Texting while driving - Copyright Wavebreak Media Ltd

Reaction Distance is Affected

A study done by Car and Driver Magazine found that driver reaction time was much slower when the driver was texting than when he or she was under the influence of alcohol.

Reaction time was triggered by a red light inside the car. The light alerted drivers when to brake.

A baseline was set by measuring reaction times at 35 mph and 70 mph. Then the reaction times was tested while drivers read a text message aloud. This was followed by a trial with the drivers typing the same message.

Each test was repeated five times, and the slowest reaction time (the time between the activated light and the driver hitting the brakes) was dropped.

The results:

  • Unimpaired: .54 seconds to brake
  • Legally drunk: add 4 feet
  • Reading e-mail: add 36 feet
  • Sending a text: add 70 feet


Massachusetts bans all texting and web browsing and prevents all cell phone use for teen drivers. But how aware are people about the law? And do they follow the law?

Plymouth Rock Assurance, a leading auto insurance company in Massachusetts and Connecticut, did a Distracted Driving Survey. The survey wanted to get an answer to the questions above.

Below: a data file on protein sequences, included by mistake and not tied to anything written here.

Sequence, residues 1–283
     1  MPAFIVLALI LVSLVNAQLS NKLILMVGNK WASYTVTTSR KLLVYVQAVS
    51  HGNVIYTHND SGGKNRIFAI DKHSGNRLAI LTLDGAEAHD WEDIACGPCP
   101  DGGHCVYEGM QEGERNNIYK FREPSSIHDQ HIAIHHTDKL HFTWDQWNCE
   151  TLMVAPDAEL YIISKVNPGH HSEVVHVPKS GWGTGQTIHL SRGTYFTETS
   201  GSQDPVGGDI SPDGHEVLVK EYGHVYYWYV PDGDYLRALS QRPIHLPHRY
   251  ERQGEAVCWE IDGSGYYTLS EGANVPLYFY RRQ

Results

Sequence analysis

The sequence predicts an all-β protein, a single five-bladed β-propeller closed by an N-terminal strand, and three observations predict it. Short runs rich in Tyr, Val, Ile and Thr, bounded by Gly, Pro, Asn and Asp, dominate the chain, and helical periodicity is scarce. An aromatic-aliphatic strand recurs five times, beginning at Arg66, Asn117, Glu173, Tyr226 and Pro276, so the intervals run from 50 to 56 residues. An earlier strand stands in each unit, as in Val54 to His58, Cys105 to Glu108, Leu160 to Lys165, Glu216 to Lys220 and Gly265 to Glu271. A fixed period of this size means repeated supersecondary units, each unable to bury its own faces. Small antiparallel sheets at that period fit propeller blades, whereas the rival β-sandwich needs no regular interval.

The majority (80%) were aware of the law, meaning one out of five was not even aware of the law.

Nearly 40% (two out of five) did not follow the law. They still sent text messages while driving.

Going forward, one out of four said that the Safe Driving Law will have no effect on their day-to-day cell phone usage.

More from this survey: Women were more likely to have texted while driving than men, and drivers between the ages of 17 and 44 were more than twice as likely to have texted behind the wheel as drivers over the age of 45.

Sadly, too many people are still checking e-mail or sending a text while behind the wheel, even though it’s as dangerous as drinking and driving.